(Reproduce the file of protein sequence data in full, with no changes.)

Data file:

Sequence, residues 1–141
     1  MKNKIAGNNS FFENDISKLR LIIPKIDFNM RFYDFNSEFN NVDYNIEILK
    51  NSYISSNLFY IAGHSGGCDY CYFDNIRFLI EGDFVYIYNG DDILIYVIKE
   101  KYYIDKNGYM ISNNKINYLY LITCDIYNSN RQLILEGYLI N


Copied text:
Sequence, residues 1–141
     1  MKNKIAGNNS FFENDISKLR LIIPKIDFNM RFYDFNSEFN NVDYNIEILK
    51  NSYISSNLFY IAGHSGGCDY CYFDNIRFLI EGDFVYIYNG DDILIYVIKE
   101  KYYIDKNGYM ISNNKINYLY LITCDIYNSN RQLILEGYLI N